Figure 4.: SPD inhibits ferroptosis pathway in vivo and in vitro. According to the analysis of proteomic results, diabetic cardiomyopathy is involved in ferroptosis pathway and related detections were performed: (A and B) Representative western blot of ODC and SSAT in comparison with β-actin expression in mice and cardiomyocytes; (C and D) The expression of ACSL-4 and GPX-4 in cardiomyocytes and mice; (E) Mitochondrial membrane potential (Δ ψm) was measured using JC-1 staining and photos were taken using fluorescence microscopy in cardiomyocytes treated with or without HG/SPD; (F–I) Heart tissues were collected in 12 weeks to measure iron, GPX-4 activity, GSH level, and GSH/GSSG ratio in the four groups. *P < 0.05 vs WT/Control group; #P < 0.05 vs T2D/HG group (n ≥ 3). SPD: Spermidine; ODC: Ornithine decarboxylase; SSAT: SPD/spermine N1-acetyltransferase; GPX-4: Glutathione peroxidase 4; WT: Wild-type; T2D: Type 2 diabetes; GSH: Glutathione; HG: High glucose.

Exogenous SPD inhibits oxidative stress and endoplasmic reticulum stress in cardiomyocytes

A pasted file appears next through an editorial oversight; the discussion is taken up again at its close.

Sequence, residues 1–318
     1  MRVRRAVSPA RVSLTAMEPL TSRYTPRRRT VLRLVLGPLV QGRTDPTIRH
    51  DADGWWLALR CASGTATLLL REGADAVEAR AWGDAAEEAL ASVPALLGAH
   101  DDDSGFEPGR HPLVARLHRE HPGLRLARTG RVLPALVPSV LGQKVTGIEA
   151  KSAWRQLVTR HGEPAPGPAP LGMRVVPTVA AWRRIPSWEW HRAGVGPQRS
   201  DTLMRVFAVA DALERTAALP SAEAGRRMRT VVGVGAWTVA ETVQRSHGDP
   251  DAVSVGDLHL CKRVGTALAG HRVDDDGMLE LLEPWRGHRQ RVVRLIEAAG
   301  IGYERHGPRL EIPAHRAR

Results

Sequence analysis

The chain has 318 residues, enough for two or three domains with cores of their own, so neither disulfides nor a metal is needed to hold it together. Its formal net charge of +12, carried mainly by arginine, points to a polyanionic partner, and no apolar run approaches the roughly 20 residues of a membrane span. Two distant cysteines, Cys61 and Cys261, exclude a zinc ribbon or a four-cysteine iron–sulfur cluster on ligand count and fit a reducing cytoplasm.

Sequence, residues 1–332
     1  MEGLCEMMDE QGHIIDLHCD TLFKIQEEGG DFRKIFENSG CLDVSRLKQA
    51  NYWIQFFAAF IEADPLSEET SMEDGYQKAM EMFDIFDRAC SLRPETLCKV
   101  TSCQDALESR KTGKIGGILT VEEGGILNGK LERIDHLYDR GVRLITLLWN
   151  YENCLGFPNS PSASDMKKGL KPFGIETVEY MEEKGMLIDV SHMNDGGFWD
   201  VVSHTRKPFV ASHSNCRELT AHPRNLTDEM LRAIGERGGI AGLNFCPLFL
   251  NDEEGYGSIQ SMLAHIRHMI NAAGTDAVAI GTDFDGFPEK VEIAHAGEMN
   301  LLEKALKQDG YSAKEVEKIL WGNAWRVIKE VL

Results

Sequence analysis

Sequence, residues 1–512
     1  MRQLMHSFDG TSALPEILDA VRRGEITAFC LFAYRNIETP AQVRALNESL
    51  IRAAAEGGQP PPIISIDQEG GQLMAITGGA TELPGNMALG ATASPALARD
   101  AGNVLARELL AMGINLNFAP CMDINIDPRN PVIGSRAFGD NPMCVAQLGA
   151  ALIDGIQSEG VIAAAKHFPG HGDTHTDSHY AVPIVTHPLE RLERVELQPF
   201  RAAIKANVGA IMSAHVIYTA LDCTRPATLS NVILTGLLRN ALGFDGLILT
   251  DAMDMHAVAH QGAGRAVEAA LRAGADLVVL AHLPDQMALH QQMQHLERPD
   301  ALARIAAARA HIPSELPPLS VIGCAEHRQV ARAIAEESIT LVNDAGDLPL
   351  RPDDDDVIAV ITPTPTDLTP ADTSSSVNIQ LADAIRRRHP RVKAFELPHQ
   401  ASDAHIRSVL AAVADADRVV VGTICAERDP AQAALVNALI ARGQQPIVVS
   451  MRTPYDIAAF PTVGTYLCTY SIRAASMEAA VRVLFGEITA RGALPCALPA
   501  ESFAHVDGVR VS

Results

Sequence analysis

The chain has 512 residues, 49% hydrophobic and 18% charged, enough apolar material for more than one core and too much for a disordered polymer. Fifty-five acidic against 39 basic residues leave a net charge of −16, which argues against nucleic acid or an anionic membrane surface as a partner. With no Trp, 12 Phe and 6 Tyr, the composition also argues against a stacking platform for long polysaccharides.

Excessive ROS deposition can activate ferroptosis-related pathways of cells by a series of cascade reactions [19, 28]. In our study, the DHE staining and ROS detection showed that SPD could reduce the oxidative stress levels in db/db mice and HG-treated cardiomyocytes (Figure 5A and 5C). Western blot results revealed that HG could upregulate Prdx-1, Tfr-1, p-p38, and p-JNK expression, and SPD could significantly downregulate the abovementioned proteins in cardiomyocytes (Figure 5D). Research demonstrated that ERS could induce ferroptosis via activation of ATF4-CHOP pathway [19]. We demonstrated that the mRNA expression of GRP94, GRP78, ATF4, and CHOP were upregulated in the heart tissue of the T2D group and SPD could downregulate above genes (Figure 5B). We then observed that the expression of GRP94, GRP78, ATF4, and CHOP increased in the HG group, and these protein expressions significantly decreased in the HG+SPD group (Figure 5E).